In this video, you can learn about the process used to analyse colour pigments in paintings, and why this is important...
Mapping sound tones
In the video above, you learnt that the light waves detected in a pigments provide analysts with a unique 'fingerprint' of the colour pigment. But how was music driven by this data?
Composer and Ricky Chaggar set himself the challenge of composing music that uses this data closely, resulting in music which is unique to each colour pigment.
Although both light and sound are measured in Hertz (Hz) they are vastly different in range. Light frequencies waves are so high that they exist far beyond the limits of human hearing. To convert the light peak Hz data into a range within human hearing, it is necessary to make these raw peak frequencies smaller (reduce them). Therefore, Chaggar divided each raw peak Hz value by the fixed value of 100,000,000,000 (one hundred billion)! This enabled him to have find the closest sound tone mapped to every peak frequency, in a consistent manner. These sound tones are turned into musical notes by Chaggar, through using them to compose melodies.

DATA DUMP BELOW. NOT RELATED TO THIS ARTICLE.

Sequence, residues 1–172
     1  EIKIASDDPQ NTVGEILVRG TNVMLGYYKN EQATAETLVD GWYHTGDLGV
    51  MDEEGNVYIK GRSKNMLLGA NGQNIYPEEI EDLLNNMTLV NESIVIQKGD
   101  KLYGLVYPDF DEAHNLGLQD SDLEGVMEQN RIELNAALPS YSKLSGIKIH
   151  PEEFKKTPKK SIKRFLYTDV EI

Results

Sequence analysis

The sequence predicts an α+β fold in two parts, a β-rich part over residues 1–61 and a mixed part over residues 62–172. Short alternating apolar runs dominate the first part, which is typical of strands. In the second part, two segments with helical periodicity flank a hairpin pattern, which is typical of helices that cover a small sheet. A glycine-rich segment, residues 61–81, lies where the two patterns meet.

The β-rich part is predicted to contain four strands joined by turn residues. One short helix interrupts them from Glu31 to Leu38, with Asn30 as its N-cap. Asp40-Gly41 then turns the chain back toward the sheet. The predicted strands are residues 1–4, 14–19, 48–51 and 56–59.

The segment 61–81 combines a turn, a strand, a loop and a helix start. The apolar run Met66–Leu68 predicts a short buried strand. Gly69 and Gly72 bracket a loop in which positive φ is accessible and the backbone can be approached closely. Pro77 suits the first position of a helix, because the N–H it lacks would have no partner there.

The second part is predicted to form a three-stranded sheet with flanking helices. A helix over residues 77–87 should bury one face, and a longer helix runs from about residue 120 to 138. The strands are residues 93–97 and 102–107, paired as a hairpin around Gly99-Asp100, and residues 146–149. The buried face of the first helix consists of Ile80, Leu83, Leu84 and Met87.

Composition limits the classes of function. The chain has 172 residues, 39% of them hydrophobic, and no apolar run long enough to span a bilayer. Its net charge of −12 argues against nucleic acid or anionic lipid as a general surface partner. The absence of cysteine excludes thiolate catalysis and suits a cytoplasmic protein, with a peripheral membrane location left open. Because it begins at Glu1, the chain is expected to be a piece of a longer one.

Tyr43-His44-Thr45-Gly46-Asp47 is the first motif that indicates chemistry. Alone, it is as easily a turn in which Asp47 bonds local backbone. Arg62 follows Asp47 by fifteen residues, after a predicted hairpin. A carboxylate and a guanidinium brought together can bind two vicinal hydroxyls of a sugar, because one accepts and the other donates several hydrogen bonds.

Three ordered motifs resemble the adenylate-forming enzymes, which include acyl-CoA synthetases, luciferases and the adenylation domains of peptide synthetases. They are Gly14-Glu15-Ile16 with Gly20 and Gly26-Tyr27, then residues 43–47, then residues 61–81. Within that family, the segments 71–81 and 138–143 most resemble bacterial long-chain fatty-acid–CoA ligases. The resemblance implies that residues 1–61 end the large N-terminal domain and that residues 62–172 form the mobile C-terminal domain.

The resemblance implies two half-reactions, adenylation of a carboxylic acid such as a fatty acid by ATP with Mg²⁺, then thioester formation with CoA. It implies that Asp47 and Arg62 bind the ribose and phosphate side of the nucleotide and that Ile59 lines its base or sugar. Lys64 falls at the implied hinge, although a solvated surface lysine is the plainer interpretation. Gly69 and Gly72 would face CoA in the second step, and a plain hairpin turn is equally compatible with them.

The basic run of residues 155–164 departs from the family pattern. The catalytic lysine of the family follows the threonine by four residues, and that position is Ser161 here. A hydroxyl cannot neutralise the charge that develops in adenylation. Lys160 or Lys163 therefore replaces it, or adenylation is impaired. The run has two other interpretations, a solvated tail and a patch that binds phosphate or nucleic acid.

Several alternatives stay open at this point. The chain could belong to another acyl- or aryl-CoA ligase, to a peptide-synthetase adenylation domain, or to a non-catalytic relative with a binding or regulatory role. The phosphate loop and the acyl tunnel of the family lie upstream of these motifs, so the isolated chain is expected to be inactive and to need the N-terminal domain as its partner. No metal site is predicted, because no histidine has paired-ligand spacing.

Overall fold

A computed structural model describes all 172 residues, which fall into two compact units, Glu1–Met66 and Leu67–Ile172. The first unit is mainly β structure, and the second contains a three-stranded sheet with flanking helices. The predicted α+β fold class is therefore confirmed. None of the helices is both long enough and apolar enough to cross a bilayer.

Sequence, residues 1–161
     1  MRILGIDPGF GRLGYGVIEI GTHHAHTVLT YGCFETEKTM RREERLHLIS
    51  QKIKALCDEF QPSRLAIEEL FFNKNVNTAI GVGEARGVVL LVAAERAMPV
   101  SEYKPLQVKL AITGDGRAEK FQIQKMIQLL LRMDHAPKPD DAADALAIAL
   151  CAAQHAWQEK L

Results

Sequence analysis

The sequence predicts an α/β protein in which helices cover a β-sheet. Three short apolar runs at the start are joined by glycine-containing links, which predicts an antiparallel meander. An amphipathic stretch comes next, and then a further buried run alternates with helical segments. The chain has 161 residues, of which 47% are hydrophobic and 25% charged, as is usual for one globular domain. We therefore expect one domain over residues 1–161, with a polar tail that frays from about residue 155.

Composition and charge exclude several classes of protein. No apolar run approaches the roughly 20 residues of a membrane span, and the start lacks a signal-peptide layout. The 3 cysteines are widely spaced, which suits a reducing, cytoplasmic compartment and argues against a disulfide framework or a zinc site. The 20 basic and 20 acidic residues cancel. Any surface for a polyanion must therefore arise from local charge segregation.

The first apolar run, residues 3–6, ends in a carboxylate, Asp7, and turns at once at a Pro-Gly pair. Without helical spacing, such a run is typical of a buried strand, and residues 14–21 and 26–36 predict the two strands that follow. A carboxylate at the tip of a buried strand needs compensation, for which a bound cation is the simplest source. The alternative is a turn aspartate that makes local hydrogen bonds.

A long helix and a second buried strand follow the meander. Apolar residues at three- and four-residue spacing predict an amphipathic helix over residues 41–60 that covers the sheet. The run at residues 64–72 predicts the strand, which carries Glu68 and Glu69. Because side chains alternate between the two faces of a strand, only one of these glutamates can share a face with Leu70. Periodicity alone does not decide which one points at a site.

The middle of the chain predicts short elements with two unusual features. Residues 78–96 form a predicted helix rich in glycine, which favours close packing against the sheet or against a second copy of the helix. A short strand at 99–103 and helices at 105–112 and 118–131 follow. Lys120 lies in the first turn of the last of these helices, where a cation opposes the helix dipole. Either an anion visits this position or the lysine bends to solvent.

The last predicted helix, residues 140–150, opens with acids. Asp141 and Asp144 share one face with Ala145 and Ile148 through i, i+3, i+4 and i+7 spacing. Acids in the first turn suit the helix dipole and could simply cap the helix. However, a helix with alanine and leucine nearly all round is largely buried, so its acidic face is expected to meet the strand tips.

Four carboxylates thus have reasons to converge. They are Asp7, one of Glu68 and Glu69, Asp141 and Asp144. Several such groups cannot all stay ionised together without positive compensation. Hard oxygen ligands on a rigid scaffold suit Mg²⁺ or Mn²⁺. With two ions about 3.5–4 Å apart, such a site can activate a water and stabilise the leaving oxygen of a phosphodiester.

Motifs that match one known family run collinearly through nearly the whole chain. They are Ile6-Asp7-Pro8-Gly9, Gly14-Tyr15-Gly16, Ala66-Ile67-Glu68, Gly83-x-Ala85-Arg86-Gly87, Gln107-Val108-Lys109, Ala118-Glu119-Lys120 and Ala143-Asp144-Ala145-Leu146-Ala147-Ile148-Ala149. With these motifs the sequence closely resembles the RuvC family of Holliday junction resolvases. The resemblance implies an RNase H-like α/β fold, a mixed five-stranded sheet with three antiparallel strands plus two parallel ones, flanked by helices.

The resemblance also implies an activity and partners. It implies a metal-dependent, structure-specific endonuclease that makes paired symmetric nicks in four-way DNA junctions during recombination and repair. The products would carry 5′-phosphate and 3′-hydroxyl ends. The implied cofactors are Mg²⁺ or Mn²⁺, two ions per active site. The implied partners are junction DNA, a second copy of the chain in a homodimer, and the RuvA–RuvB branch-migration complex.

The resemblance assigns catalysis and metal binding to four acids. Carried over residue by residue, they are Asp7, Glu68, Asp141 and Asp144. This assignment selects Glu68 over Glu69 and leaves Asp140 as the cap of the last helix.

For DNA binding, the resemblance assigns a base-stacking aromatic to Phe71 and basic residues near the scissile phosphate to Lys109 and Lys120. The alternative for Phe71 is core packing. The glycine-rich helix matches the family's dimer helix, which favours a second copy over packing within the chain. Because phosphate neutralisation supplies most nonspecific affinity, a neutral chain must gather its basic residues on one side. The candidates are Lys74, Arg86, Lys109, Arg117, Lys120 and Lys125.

He allowed himself to only use the musical notes corresponding to the light wave peaks. Furthermore, although the exact order of the peaks within a pigment's fingerprint are not important and it is the collection of peak frequencies per colour which matter, he nevertheless gave himself the added challenge of using the notes in the same order that the chemical analyst computer systems generated. This added to his sense of closeness to the data as a guiding stimulus. From these unique sets of colour pigment data, a unique set of melodies were created which subsequently directed other musical elements such as harmony and rhythm. The result is complete musical works, unique to the colour pigments Red, White and Blue used by Renoir in his painting Portrait of Alphonsine Fournaise, painted in1879.